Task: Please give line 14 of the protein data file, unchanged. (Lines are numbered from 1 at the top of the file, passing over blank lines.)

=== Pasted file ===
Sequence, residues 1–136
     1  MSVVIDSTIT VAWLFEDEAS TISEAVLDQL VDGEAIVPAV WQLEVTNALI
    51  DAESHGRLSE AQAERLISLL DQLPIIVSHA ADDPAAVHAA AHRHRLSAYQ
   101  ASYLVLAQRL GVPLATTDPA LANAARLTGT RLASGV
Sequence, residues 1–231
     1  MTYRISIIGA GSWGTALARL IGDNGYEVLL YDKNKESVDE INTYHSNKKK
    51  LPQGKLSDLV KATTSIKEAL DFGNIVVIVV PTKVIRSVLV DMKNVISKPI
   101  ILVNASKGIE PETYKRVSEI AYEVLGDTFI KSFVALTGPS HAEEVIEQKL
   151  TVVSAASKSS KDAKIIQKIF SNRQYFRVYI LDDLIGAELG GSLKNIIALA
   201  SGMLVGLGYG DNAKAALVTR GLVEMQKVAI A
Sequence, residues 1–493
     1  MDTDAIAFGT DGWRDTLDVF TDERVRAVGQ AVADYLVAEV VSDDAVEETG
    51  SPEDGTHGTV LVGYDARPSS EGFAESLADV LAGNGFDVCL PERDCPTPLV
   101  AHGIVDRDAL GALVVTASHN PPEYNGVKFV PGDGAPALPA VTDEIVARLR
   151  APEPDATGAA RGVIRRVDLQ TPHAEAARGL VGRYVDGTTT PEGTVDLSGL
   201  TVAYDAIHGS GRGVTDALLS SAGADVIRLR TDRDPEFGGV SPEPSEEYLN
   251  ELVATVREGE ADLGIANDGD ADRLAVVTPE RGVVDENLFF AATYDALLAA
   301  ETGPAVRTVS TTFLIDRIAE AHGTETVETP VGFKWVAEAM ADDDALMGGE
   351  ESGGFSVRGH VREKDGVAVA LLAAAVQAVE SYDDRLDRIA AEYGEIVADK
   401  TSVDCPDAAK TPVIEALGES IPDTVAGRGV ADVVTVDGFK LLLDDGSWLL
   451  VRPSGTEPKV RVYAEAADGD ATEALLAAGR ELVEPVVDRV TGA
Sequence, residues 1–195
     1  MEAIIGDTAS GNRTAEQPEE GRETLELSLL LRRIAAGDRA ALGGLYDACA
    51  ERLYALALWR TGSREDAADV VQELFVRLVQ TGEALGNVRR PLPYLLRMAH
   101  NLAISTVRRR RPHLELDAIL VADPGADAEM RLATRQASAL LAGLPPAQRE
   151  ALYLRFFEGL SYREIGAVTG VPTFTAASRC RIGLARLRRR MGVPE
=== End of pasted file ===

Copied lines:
   101  AHGIVDRDAL GALVVTASHN PPEYNGVKFV PGDGAPALPA VTDEIVARLR